The idea that we had multiple encounters with outer space aliens in the ancient time fascinates me to no end. And, scifi romantic comedy lET’s shake it (颤抖吧！阿部) is right up that alley. What is an advanced civilization alien supposed to do when it crash landed on earth with no way of getting back into space? Merge with the locals, of course.
Abu Caca is a smuggler of primitive species, which includes apes from earth, also known as, humans. Her day of reckoning comes when the ship that was transporting her to galactic prison blew up and crashed on earth… Among the primitive apes. *Gasp. Without protective gear against the earth’s atmosphere, she had to merge with a local life form to survive. A tree worked just fine for her purpose. But she and the tree were rudely interrupted by a murder in progress of a human girl. Always motivated by profit margin, Abu tried to resuscitate the girl in the hope of selling her to the highest bidder. She and the girl were, again, rudely interrupted. This time by the girl’s brother who thought she was a demon trying to suck the life force out of the dying girl. One banshee screaming after another, he stabbed her right through chest and sent her atoms flying.
The girl died. She atomized. But her antenna survived, which is really the essence of her entire being, and it merged with the dead girl. Voila! The girl lived once more! Well not exactly. It’s more of Abu successfully body snatched an earth life form.
Thus, Abu begins her con of pretending to be a human girl as she searches for a way to get back out to space. I wouldn’t say she is successful at it, but humans do have a tendency to ignore the obvious…
According to the folklore, Sima Yi is a villain. According to the history book, he is a brilliant politician during The Three Kingdoms period, hence a villain. Wikipedia listed two instances that showcased the deficiencies in his character. First instance, he refused to see his big wife and called her an ugly, old hag in front of his younger wife. The big wife was so upset over it, she went on a hunger strike, with their sons joining her. He later apologized and begged for her forgiveness. When asked why he changed his tune, he explained that he would gladly let the old hag die but he couldn’t let his precious sons die with her. (Scathing, much?) The second instance was during the final battle between him and Zhuge Liang, a brilliant strategist who is not a villain. When he heard the rumor that Zhuge had died and the Shu-Han army was retreating, he feared that it was a trap and did not pursue them. He was mocked for missing out his best chance to crush his enemy once and for all, “a dead Zhuge scared away a living Sima.”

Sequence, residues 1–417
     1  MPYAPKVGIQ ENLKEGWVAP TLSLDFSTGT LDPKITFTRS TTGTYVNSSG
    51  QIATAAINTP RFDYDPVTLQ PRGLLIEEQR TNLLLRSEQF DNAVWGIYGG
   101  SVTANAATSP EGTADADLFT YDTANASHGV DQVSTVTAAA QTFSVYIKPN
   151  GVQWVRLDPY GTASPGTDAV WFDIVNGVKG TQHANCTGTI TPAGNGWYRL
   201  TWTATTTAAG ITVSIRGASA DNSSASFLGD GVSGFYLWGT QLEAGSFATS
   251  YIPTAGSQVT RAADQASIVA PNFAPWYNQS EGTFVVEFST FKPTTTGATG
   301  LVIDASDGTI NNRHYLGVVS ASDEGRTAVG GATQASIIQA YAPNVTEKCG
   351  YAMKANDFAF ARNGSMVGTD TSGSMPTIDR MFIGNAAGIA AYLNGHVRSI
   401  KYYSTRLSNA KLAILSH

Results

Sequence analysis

The first season of The Advisors Alliance (军师联盟) didn’t whitewash his character. Instead, it gave context to his actions. Sima Yi in the drama is a real person, who, at times, is cowardly, selfish, calculating, ambitious, decisive, protective, smart, humble, caring, and supportive. He does what it is needed to protect his family and his country. Altruism is a rare human trait and that’s why we call altruistic people heroes. Sima Yi clearly is not one of them. He is just a regular fellow who has been judged a wee bit too harshly by the history book.
I like this drama even better than Nirvana in Fire. It integrates humor with seriousness. It is quick paced yet heartfelt. I cried when Yang Xiu died. He is a true believer of Cao Cao’s vision and I can feel across the TV screen his intense regret for not being able to witness that vision come true.
I love the rivalry between Sima Yi and Yang Xiu because competition spurs improvement. When Cao Cao asks Sima Yi whether he feels vindicated by Yang Xiu’s execution, an enemy who has tried numerous time to get him killed, Sima responds: “I have no enemies, only teachers. Some show me the way. Some teach me a lesson.”
My Girlfriend’s Boyfriend (我女朋友的男朋友) is a hilarious scifi comedy about a human getting schooled by his robot roommates on humility and respect.
When Azhai purchased his love android, he thought he would be living the high life with the prettiest girl by his side.
Because of customization error, he got a perfect boyfriend Adam instead. To his infinite horror. (Adam’s perfect enunciation takes a little getting use to in the beginning. But now, I worship the way he speaks.)
More tragic still is the replacement android, Eve, incorrectly registered Adam as her boyfriend and wouldn’t let Azhai send him away. Since then Azhai has been living in a romance hellhole where he tries to woo Eve, but Eve only wants to be with Adam, and Adam only has the eyes for him.
Adam and Eve are not just different in gender. Eve is a first generation companion android with pre-programed personality matrix. She does not change and cannot empathize with her owner. Adam, on the hand, is the newest model with water-proof skin and upgradable feeling matrix. He can adapt and modify his personality according to his experience with his owner (which will come mighty handy later on when Azhai is feeling super vulnerable because of evil Eve.)